Days after he promised to purge Indian culture of “polluting” and “western” influences, Culture Minister Mahesh Sharma has described former President A P J Abdul Kalam as a “great man” who was a “nationalist” and a “humanist” “despite being a Muslim”.
In an interview to India Today TV, Sharma, while justifying the decision to change the name of Aurangzeb Road to A P J Abdul Kalam Road, said: “Mein samajhta hoon ki Aurangzeb koi adarsh nahin the. Prernasrot hi prerak ho sakta hai. Aurangzeb Road ka bhi naam badal kar ek aise mahapurush ke naam par kiya hai jo Musalmaan hote hue bhi itna bada rashtravadi aur manavtavadi insaan tha, APJ Abdul Kalam, unke naam par kiya gaya hai (I don’t think Aurangzeb was an ideal person. Only a source of inspiration can be inspirational. Aurangzeb Road has been named after such a great man who, despite being a Muslim, was a nationalist and a humanist, A P J Abdul Kalam. The road has been named after him).”
- President Kovind remembers India's missile man APJ Abdul Kalam
- After Abdul Kalam, 10 Rajaji Marg to house Pranab Mukherjee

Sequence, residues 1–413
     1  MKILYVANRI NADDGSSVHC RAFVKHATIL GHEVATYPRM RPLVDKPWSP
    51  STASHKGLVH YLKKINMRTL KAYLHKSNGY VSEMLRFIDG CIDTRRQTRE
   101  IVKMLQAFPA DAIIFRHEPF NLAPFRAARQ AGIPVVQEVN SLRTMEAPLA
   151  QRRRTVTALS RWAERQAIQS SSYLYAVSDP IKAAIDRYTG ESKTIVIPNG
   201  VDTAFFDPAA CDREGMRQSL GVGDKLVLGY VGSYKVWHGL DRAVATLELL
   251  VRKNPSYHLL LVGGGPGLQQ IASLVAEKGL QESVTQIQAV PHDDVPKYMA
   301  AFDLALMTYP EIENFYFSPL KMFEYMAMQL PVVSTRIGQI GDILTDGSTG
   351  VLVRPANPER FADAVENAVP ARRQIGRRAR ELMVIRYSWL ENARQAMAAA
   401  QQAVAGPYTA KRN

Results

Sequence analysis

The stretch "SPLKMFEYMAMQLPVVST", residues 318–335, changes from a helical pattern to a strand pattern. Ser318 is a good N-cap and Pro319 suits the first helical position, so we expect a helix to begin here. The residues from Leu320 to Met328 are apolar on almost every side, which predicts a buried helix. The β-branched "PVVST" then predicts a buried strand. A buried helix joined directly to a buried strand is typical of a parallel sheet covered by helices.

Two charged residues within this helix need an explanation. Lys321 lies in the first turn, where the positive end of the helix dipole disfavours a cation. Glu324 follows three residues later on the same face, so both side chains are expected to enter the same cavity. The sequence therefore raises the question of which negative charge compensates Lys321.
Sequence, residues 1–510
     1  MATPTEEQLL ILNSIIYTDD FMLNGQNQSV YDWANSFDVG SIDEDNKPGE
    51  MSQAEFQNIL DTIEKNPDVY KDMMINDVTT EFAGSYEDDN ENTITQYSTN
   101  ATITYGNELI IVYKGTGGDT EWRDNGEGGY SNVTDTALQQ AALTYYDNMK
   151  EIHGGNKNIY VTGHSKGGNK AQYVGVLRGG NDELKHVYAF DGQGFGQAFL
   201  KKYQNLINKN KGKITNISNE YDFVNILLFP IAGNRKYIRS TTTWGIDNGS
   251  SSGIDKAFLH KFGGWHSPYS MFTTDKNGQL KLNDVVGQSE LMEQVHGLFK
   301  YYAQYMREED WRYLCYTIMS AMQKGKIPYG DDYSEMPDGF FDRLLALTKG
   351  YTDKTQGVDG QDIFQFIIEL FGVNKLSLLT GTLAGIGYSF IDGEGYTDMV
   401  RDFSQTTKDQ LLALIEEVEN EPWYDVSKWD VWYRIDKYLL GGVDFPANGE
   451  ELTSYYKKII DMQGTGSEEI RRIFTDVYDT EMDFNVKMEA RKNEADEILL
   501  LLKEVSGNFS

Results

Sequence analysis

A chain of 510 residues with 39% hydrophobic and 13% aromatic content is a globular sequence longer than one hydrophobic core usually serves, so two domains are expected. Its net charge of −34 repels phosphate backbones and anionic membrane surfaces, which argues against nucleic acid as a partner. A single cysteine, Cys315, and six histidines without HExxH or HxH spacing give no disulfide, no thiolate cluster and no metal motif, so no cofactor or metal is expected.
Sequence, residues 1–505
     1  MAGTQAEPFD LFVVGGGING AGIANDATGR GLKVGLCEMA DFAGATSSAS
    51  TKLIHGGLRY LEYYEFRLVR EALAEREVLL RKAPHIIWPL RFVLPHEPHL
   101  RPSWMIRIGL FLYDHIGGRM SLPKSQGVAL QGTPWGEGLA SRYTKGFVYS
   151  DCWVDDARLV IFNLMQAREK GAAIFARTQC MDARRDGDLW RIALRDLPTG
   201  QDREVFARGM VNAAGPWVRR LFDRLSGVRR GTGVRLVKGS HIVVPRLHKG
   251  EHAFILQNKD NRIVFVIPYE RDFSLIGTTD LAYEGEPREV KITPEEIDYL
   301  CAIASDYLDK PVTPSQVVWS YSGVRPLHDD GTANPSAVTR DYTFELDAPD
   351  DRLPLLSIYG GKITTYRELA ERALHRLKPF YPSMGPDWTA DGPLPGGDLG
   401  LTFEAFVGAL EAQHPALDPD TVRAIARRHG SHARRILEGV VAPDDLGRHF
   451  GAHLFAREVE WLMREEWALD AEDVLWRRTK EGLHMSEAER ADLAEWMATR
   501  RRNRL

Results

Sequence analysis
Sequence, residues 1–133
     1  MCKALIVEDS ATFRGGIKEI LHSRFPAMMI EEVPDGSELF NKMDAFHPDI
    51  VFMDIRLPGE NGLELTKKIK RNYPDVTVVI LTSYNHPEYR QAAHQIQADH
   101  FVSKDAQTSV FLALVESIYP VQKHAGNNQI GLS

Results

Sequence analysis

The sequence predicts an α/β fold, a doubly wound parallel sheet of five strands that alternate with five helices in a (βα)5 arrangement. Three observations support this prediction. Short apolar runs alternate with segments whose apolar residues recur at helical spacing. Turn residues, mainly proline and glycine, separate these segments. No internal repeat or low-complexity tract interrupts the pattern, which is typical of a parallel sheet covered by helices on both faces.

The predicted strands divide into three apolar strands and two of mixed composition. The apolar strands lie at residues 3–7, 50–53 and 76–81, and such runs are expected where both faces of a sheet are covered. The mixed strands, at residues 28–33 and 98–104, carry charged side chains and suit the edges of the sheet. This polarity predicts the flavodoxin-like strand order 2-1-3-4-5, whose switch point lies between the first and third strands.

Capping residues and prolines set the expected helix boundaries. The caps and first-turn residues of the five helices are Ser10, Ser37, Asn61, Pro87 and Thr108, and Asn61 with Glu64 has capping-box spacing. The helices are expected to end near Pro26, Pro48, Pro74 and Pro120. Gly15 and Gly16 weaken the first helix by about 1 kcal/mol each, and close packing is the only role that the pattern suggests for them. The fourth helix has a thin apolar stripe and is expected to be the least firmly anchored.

- From Muzaffarnagar to Delhi, talk of revenge and illegitimate children
- AAP raps Centre for allotting Kalam’s bungalow to minister Mahesh Sharma
- Kalam, the Other
- Renaming Aurangzeb Road- Kalam dragged into controversy he tried to avoid all his life: Congress
On Thursday, when The Indian Express asked him about his remark, he said: “I only said Kalam was a rashtravadi Muslim.”
Earlier, Sharma told a meeting of culture ministers of BJP-ruled states: “We will cleanse every area of public discourse that has been westernised and where Indian culture and civilisation needs to be restored, be it history we read, our cultural heritage or our institutions that have been polluted over years.”
He has also spoken on introducing tales from Gita, Ramayana and Mahabharat in school curriculum, and about western “encroachment” on Indian culture.
“India has witnessed western encroachment of our culture to the extent that if we talk about our culture then the so-called intellectuals call it saffronisation. It pains me. Our country’s strength has been our rich heritage and culture, and it pains me when the West encroaches upon it. I am not saying that we should reject the good that the West offers, but our culture should prosper along with it,” Sharma told The Indian Express in an interview recently.